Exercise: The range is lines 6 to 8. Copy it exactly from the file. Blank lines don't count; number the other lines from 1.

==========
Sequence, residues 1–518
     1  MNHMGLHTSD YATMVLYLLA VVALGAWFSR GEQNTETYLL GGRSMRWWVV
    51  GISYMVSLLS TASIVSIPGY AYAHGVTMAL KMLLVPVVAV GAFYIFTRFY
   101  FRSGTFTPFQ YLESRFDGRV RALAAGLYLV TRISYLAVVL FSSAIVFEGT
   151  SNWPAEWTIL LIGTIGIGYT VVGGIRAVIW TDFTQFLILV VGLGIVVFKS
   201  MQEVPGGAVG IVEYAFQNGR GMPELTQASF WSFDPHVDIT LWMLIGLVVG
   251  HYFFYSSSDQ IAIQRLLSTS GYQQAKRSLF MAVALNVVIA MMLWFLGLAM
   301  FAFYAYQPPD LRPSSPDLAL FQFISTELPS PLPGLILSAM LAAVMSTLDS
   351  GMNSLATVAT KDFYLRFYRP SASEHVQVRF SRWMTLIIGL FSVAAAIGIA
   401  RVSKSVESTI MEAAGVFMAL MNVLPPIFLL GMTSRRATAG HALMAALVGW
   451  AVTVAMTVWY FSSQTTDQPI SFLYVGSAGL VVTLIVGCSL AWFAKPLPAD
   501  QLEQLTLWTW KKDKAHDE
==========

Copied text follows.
   201  MQEVPGGAVG IVEYAFQNGR GMPELTQASF WSFDPHVDIT LWMLIGLVVG
   251  HYFFYSSSDQ IAIQRLLSTS GYQQAKRSLF MAVALNVVIA MMLWFLGLAM
   301  FAFYAYQPPD LRPSSPDLAL FQFISTELPS PLPGLILSAM LAAVMSTLDS